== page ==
+ we have shown that the Milawa kernel is sound using the HOL4 theorem
+ prover. In HOL4, we have formalized its logic, proved the logic sound,
+ and proved that the source code for the Milawa kernel (1,700 lines of
+ Lisp) faithfully implements this logic. Going even further, we have
+ combined these results with the x86 machinecode level verification of
+ the Lisp runtime Jitawa. Our toplevel theorem states that Milawa can
+ never claim to prove anything that is false when it is run on this
+ Lisp runtime.",
+ paper = "Davi15.pdf",
+ keywords = "printed"
+}
+
+\end{chunk}
+
+\index{Myreen, Magnus O.}
+\begin{chunk}{axiom.bib}
+@article{Myre12,
+ author = "Myreen, Magnus O.",
+ title = {{Functional Programs: Conversions between Deep and Shallow
+ Embeddings}},
+ journal = "LNCS",
+ volume = "7406",
+ pages = "412417",
+ year = "2012",
+ abstract =
+ "This paper presents a method which simplifies verification of deeply
+ embedded functional programs. We present a technique by which
+ proofcertified equations describing the effect of functional
+ programs (shallow embeddings) can be automatically extracted from their
+ operational semantics. Our method can be used in reverse, i.e. from
+ shallow to deep embeddings, and thus for implementing certifying code
+ synthesis: we have implemented a tool which maps HOL functions to
+ equivalent Lisp functions, for which we have a verified Lisp runtime.
+ A key benefit, in both directions, is that the verifier does not need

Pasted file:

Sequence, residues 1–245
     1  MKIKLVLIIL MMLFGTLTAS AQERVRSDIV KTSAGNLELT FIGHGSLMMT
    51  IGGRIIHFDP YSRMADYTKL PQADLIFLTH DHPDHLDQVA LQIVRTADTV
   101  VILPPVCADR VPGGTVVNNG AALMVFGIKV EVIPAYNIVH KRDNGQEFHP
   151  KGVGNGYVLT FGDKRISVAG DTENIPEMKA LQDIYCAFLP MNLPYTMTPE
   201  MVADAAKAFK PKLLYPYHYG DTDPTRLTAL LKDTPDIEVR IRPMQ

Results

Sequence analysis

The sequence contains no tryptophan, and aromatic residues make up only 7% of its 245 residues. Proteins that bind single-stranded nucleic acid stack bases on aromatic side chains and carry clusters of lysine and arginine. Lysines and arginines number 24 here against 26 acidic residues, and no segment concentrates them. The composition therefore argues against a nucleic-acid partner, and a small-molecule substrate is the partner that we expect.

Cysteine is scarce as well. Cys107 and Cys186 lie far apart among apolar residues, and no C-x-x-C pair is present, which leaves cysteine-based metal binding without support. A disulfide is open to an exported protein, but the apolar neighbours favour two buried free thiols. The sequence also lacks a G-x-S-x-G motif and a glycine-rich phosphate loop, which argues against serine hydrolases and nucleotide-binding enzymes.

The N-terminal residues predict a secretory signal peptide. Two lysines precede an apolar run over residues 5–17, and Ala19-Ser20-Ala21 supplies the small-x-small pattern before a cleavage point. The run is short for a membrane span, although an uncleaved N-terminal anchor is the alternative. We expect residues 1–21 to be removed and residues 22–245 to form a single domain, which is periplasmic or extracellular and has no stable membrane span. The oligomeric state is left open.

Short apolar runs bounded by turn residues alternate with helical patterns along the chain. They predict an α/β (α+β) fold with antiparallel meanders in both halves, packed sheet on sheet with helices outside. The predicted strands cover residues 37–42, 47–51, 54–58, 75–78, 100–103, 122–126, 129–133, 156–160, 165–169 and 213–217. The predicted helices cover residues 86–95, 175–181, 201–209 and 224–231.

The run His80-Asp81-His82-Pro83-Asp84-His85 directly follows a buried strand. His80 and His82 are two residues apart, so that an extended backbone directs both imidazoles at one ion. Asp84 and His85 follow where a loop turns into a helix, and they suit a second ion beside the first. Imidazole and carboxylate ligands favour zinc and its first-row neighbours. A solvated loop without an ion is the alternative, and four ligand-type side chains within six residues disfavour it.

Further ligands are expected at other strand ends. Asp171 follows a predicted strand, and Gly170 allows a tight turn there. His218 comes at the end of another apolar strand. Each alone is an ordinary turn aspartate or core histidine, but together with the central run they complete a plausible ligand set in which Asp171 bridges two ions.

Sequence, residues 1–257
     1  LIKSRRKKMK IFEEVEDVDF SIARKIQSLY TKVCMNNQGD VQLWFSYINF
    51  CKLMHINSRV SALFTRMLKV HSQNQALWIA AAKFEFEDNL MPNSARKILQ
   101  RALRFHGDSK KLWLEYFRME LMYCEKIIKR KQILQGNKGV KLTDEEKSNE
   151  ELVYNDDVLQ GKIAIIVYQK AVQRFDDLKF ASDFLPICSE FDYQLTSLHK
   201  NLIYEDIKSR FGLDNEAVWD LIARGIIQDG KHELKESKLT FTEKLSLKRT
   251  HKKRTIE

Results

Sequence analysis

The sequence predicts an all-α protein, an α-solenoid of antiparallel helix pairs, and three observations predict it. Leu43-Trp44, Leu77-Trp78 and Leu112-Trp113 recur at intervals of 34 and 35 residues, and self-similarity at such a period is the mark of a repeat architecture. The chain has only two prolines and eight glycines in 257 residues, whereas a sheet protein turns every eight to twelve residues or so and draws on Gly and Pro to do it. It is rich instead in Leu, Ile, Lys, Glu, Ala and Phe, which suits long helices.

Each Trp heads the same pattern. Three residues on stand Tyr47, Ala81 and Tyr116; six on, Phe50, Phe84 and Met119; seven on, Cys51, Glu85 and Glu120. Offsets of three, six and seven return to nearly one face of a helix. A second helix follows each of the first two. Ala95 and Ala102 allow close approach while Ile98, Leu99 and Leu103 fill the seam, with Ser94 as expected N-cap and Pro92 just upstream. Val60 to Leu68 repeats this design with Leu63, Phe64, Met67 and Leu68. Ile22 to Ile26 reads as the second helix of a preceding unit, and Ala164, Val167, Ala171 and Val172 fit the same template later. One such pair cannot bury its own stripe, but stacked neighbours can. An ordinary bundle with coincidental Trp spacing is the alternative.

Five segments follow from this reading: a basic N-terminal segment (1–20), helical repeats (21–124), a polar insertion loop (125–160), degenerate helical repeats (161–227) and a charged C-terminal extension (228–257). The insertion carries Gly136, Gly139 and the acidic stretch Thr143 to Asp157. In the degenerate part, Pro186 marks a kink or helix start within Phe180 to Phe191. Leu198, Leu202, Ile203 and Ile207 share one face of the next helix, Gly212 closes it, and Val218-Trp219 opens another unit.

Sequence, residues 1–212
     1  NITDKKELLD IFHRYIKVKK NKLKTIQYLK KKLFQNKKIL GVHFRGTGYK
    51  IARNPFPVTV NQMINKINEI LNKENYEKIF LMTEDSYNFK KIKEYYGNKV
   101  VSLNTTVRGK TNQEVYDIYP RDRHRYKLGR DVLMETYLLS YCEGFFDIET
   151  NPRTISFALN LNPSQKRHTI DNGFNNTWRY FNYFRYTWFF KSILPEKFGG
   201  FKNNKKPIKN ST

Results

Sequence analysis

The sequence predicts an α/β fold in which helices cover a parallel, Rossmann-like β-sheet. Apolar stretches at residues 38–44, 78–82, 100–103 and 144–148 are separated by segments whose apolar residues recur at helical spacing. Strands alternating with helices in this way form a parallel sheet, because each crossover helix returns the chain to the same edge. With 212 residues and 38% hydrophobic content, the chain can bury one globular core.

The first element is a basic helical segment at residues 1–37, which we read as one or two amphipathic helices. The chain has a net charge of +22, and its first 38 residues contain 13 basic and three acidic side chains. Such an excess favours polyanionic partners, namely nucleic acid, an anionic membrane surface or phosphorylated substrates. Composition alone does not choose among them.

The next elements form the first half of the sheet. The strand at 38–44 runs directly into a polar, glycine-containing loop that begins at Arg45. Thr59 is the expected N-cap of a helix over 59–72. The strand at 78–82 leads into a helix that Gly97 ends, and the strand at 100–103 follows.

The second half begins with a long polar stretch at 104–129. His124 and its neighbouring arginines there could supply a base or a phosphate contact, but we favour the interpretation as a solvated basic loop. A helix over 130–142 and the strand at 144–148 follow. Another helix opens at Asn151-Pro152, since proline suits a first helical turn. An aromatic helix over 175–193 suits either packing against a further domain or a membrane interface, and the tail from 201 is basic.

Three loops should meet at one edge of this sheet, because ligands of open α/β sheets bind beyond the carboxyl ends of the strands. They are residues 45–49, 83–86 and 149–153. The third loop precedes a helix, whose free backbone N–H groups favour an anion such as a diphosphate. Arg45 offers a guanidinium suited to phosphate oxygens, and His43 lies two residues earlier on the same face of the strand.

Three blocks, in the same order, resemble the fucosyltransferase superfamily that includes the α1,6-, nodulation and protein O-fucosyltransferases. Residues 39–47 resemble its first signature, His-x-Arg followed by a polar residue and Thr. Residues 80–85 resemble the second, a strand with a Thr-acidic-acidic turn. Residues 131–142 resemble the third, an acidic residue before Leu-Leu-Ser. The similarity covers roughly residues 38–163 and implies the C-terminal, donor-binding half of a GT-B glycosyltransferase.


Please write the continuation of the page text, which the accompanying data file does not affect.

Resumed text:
+ to understand the operational semantics that gives meanings to the
+ deep embeddings.",
+ paper = "Myre12.pdf",
+ keywords = "printed"
+}
+
+\end{chunk}
+
+\index{Myreen, Magnus O.}
+\index{Davis, Jared}
+\begin{chunk}{axiom.bib}
+@article{Myre11,
+ author = "Myreen, Magnus O. and Davis, Jared",
+ title = {{A Verified Runtime for a Verified Theorem Prover}},
+ journal = "NCS",
+ volume = "6898",
+ pages = "265280",
+ year = "2011",
+ abstract =
+ "Theorem provers, such as ACL2, HOL, Isabelle and Coq, rely on the
+ correctness of runtime systems for programming languages like ML,
+ OCaml or Common Lisp. These runtime systems are complex and critical
+ to the integrity of the theorem provers.
+
+ In this paper, we present a new Lisp runtime which has been formally
+ verified and can run the Milawa theorem prover. Our runtime consists
+ of 7,500 lines of machine code and is able to complete a 4 gigabyte
+ Milawa proof effort. When our runtime is used to carry out Milawa
+ proofs, less unverified code must be trusted than with any other
+ theorem prover.
+
+ Our runtime includes a justintime compiler, a copying garbage collector,
+ a parser and a printer, all of which are HOL4verified down to
+ the concrete x86 code. We make heavy use of our previously developed
+ tools for machinecode verification. This work demonstrates that our
+ approach to machinecode verification scales to nontrivial
+ applications.",
+ paper = "Myre11.pdf",
+ keywords = "printed"
+}
+
+\end{chunk}
diff git a/src/axiomwebsite/patches.html b/src/axiomwebsite/patches.html
index a9183bf..20f6c5a 100644
 a/src/axiomwebsite/patches.html
+++ b/src/axiomwebsite/patches.html
@@ 5916,6 +5916,8 @@ books/bookvolbug bug 7335: type resolution failure
books/bookvol10.1 add new chapter
20180304.01.tpd.patch
proposal
+20180309.01.tpd.patch
+books/bookvolbib add references

1.9.1